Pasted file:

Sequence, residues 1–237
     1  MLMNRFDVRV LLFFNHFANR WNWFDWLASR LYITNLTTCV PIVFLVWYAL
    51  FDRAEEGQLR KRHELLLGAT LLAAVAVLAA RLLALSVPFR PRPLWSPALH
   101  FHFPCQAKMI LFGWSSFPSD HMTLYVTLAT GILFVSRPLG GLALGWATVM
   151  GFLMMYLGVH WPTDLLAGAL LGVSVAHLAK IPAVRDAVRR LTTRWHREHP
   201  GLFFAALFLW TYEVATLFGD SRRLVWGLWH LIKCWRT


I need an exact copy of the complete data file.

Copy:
Sequence, residues 1–237
     1  MLMNRFDVRV LLFFNHFANR WNWFDWLASR LYITNLTTCV PIVFLVWYAL
    51  FDRAEEGQLR KRHELLLGAT LLAAVAVLAA RLLALSVPFR PRPLWSPALH
   101  FHFPCQAKMI LFGWSSFPSD HMTLYVTLAT GILFVSRPLG GLALGWATVM
   151  GFLMMYLGVH WPTDLLAGAL LGVSVAHLAK IPAVRDAVRR LTTRWHREHP
   201  GLFFAALFLW TYEVATLFGD SRRLVWGLWH LIKCWRT